Born on October 1, 1928 in Changsha, Hunan, Zhu Rongji mayor and party chief in Shanghai between 1987 and 1991, before becoming vice premier and then the fifth premier of the People's Republic of China. He held that position between March 1998 and March 2003. He is known for taking a tough stance against corruption in the government and pushing difficult reforms of the state sector.
Levin Zhu, the son of former Premier Zhu Rongji, has resigned as chief executive of the first Sino-foreign joint venture investment bank in a surprise move likely to slow down the company's IPO process.Wednesday, 15 October, 2014, 8:38am
Former premier Zhu Rongji has made a rare public gesture, writing a letter for the 30th anniversary of his alma mater, becoming the latest ex-party leader to step briefly out of low-key retirement.29 Apr 2014 - 3:42am 1 comment
Zhu delivered the brief speech at a ceremony launching the English edition of Zhu Rongji on the Record: The Road to Reform 1991-1997, which is to go on sale in the US this month.10 Sep 2013 - 4:33am
The People's Publishing House will on Monday release a collection of speeches Zhu gave as mayor of Shanghai between 1987 and 1991. The People's Daily website yesterday ran excerpts, which were picked up by major mainland portals.10 Aug 2013 - 4:00am
The son of former premier Zhu Rongji and other financial heavyweights appointed to the new Financial Services Development Council will be subject to the city's anti-corruption laws as if they were public officials.19 Jan 2013 - 7:40am 1 comment
"Every man should confine himself to his own duties", the Chinese saying goes, and when state leaders retire they often vow to refrain from interfering in the nation's politics and seek more time to pursue personal interests. Some travel around the country to relax, write books and learn the arts, but others want to show they are still political heavyweights.11 Nov 2012 - 3:28pm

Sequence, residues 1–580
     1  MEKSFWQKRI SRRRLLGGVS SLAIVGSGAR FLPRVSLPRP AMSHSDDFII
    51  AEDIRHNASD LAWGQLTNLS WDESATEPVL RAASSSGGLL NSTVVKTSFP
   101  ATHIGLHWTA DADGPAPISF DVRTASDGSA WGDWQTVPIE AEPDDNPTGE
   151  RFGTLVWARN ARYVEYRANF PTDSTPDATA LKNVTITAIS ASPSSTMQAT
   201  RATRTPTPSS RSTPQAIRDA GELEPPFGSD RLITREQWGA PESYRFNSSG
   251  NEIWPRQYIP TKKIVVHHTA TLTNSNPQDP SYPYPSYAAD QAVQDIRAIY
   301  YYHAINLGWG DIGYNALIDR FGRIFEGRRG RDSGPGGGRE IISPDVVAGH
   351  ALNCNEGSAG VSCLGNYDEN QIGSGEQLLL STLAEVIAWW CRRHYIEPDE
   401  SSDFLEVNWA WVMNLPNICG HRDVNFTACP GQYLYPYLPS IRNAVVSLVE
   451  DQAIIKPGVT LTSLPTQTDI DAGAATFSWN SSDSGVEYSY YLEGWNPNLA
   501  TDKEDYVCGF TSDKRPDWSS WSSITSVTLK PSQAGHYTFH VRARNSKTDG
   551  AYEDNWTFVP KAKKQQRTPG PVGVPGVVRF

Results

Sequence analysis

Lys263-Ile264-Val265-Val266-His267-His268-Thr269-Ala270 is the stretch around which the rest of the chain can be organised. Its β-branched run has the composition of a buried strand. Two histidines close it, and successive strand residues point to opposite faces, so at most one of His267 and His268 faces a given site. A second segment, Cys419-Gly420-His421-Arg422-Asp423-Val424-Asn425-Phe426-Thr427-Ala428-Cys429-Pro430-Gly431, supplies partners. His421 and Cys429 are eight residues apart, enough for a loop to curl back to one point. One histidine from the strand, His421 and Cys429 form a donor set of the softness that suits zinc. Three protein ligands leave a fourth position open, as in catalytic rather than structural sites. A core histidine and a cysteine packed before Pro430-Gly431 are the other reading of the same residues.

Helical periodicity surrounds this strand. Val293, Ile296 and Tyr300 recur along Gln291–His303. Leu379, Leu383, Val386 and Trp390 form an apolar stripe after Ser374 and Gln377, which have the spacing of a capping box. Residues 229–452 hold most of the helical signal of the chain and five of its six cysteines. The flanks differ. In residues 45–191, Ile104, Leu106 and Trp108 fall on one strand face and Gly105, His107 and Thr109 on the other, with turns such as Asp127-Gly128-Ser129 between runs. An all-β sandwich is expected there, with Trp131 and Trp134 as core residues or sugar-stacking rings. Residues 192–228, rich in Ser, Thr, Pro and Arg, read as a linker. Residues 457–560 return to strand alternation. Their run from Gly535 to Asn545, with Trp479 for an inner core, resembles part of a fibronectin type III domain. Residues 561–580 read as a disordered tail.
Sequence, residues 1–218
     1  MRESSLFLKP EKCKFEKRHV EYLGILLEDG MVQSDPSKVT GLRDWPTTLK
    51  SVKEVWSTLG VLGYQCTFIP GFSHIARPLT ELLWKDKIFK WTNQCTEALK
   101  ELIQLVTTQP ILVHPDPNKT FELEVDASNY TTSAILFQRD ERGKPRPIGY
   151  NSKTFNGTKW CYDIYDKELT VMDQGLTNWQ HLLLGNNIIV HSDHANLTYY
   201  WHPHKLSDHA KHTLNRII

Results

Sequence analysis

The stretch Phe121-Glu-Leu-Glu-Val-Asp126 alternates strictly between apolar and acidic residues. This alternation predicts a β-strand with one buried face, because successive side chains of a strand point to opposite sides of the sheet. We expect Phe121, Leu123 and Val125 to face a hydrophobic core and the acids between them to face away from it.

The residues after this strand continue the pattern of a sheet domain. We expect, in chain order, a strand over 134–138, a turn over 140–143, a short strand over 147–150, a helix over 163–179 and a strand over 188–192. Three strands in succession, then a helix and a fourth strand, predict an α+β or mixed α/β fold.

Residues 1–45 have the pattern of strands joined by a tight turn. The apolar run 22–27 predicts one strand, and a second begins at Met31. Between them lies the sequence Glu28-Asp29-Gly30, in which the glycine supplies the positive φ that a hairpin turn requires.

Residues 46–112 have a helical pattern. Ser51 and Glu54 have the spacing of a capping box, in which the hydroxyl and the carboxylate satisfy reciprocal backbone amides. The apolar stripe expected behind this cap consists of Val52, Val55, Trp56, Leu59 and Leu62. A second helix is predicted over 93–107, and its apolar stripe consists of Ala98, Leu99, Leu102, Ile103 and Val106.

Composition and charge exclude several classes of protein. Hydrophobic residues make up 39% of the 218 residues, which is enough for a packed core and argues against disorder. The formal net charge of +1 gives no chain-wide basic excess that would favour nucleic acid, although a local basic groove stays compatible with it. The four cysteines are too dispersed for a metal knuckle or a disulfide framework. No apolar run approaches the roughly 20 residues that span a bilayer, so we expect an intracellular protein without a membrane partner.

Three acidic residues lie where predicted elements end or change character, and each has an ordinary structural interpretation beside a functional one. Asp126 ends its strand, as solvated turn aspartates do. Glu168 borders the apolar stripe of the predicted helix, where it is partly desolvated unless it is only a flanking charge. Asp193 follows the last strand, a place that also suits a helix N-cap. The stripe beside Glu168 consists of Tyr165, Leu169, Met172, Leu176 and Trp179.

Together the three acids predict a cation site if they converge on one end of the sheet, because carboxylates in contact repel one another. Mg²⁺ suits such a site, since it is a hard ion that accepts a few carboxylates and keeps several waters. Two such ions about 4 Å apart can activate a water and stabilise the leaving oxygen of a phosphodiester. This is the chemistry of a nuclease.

Former president Jiang Zemin and other party veterans returned to centre stage at the Great Hall of the People yesterday, demonstrating their continued power to shape the country's future.9 Nov 2012 - 7:24am
Former premier Li Peng has thrust himself into the public eye before next week's party congress by donating 3 million yuan (HK$3.7 million) to a scholarship for poor university students in Yanan, the Communist Party's old revolutionary base in Shaanxi.
The source of the money was the proceeds of books Li wrote in retirement, CCTV reported yesterday.31 Oct 2012 - 7:21am
While former premier Zhu Rongji is credited with introducing bold measures that set the mainland's financial system on the path of reform, his successor Wen Jiabao may be remembered more for his eloquent speeches than strong action when he steps down from his position early next year.1 Oct 2012 - 1:53pm
Symbolism can matter a great deal in politics, and Vice-Premier Wang Qishan's similarities to his political mentor, Zhu Rongji, have helped boost his popularity among party officials and ordinary citizens.1 Oct 2012 - 2:43pm 2 comments
China's economic reform has significantly slowed since the start of this century, due partly to spreading and deep-rooted corruption in the world's No 2 economy, says Wu Jinglian, one of the mainland's most famous and liberal economists.26 Mar 2012 - 12:00am
Quantitatively, Premier Wen Jiabao can lay claim to being the most outstanding head of government in recorded history. But critics and admirers alike say that qualitatively, his record has been mixed.18 Mar 2012 - 12:00am
A decade is a long time in government in China, but a year is not. Premier Wen Jiabao, giving his 10th and final closing news conference at the end of the National People's Congress this week, spoke of his achievements and what he still hoped to attain in his final 12 months in office before stepping aside for the new leadership.17 Mar 2012 - 12:00am
Wisdom may have dictated that Premier Wen Jiabao use his last all-important annual news conference to laud his government's economic achievements during the past decade.
Instead, the 69-year-old premier adopted a humble approach, apologising to his people for failing to accomplish some of his duties and asking them to forget him after he dies.15 Mar 2012 - 12:00am
It is a quirk of democracies that incoming governments end up reaping the economic harvest sowed by their predecessors.
In the United States, it was George Bush senior's 50 per cent reduction in defence spending relative to gross domestic product in the late 1980s that allowed Bill Clinton to balance the federal budget 10 years later, ushering in a long period of prosperity.14 Mar 2012 - 12:00am